> What is the advantage of the current implementation?

Much better functioning with cross-site XMLHTPRequest, where the server and XMLHttpRequest caller are completely independent.
(In reply to comment #36)
> Alexander, you're saying that Mozilla should send malformed HTTP requests,
> violating the HTTP spec, just because the page author asked it to?  I don't
> think so.

Well, not setting the charset in the content type header is not violating the HTTP spec. Also, using XHR as a page developer is more like a HTTP client lib than a user-driven browser, so you need ways to determine what is actually sent from your code.
OS: Mac OS X → All
Hardware: PowerPC → All
Whiteboard: See comment 31 for a workaround
Version: unspecified → 1.9.0 Branch
Component: DOM: Mozilla Extensions → DOM
The W3C spec explicitly states that charset is not allowed for application/x-www-form-urlencoded:
None of the text you link to talks about the request headers involved.

Though it does suggest that servers shouldn't use the Content-Type request header for charset info.  However in practice some do...
The linked spec says that the charset is not allowed for this MIME type. This would suggest that "application/x-www-form-urlencoded; charset=utf-8" is not a valid MIME type string.

Also it seems that Firefox is adding the charset even when the application explicitly sets the content-type to "application/x-www-form-urlencoded" (no charset) via setRequestHeader(). The XMLHttpRequest spec ( specifies two cases where the user-agent should modify the Content-Type when sending the XHR data:

1. If a Content-Type header is in author request headers and its value is a valid MIME type that has a charset parameter whose value is not a case-insensitive match for encoding, and encoding is not null, set all the charset parameters of that Content-Type header to encoding.

2. If no Content-Type header is in author request headers and mime type is not null, append a Content-Type header with value mime type to author request headers.

This does not include the case where the application has set the Content-Type _without_ a charset. Firefox still mangles the content-type in this case.
When using Amazon S3's signed PUT requests, this bug is causing the content-type header to not match what is required (in this case it should be the string "application/json" as in the signature, but is "application/json; charset=UTF-8" instead), and thus the request fails because the signatures do not match.

I don't understand why this is marked RESOLVED WONTFIX - this is obviously a bug, prevents sending perfectly reasonable requests that are within the spec, and does so by "magically" changing the headers from what was explicitly requested. At a minimum there must be a way to "opt-out" of this behavior.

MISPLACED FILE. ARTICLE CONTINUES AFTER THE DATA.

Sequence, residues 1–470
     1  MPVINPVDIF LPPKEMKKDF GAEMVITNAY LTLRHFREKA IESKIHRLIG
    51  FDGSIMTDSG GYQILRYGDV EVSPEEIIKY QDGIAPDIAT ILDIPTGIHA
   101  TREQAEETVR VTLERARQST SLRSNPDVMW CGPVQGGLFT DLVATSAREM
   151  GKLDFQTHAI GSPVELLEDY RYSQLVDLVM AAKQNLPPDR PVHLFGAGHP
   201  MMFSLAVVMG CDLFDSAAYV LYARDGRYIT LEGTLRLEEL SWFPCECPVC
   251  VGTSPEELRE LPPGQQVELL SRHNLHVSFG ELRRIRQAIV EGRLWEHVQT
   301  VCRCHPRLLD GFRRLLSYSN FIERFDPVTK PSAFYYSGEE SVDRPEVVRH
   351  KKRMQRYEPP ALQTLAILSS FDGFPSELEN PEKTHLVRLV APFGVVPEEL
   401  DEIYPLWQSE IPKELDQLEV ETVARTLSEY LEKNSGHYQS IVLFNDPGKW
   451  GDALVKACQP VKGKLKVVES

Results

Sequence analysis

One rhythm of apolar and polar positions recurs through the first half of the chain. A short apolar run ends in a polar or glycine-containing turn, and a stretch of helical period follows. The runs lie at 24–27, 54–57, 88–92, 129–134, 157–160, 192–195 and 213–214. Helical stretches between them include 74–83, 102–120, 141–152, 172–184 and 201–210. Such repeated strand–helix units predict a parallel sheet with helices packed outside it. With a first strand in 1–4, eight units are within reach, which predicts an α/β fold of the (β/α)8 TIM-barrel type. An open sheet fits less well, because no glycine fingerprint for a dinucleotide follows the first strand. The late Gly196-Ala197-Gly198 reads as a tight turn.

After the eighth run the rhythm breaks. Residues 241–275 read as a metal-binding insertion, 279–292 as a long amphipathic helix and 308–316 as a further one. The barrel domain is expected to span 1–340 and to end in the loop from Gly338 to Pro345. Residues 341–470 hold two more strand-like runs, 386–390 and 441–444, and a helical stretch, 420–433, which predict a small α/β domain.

Doesn't spec define behavior here?
It does, in step 4 of, which is in line with that comment 40 outlines, though that comment points to a document we should not look at.

Removing the whiteboard comment since we removed sendAsBinary() so that no longer works as a workaround.

Reopening since we should tweak our behavior here per the specification, although I suggest that bz signs off on it since he largely instigated the whole charset business in the first place, iirc.
Resolution: WONTFIX → ---
Whiteboard: See comment 31 for a workaround

I went to the entire thread. Its important to realize that in more cases its impossible to convince the API provider to make changes like this because they do not want to touch an existing stable system. 
Our company caters to the BPO industry which has all kinds of browsers in enterprise market and vows to support all of them. But the API that we are using is giving the same problem with charset:utf. Its very important that Mozilla resolves this as soon as possible. Safari, IE, Chrome all works fine except for Firefox which seems to have this issue of charset:utf.

I request you not to make us feel handicapped in this regard. For a start may I ask you that what is your target hits on this thread that you need to decide that this needs to be fixed ? At least that should be a starter on this issue.
This is a known bug and we want to fix it - it's required for conformance with the spec. Note how several sub-tests here fail because Gecko is adding too many ";charset=UTF-8" :
(This is a test in the official W3C XMLHttpRequest test suite)

I think this is a dupe of bug 918742, which is about fixing failures on that test. Since it's a real world problem we should nudge the priority of that bug upwards, but unfortunately I don't know when somebody will get around to fixing it.
Closed: 17 years ago9 years ago
Resolution: --- → DUPLICATE
Component: DOM → DOM: Core & HTML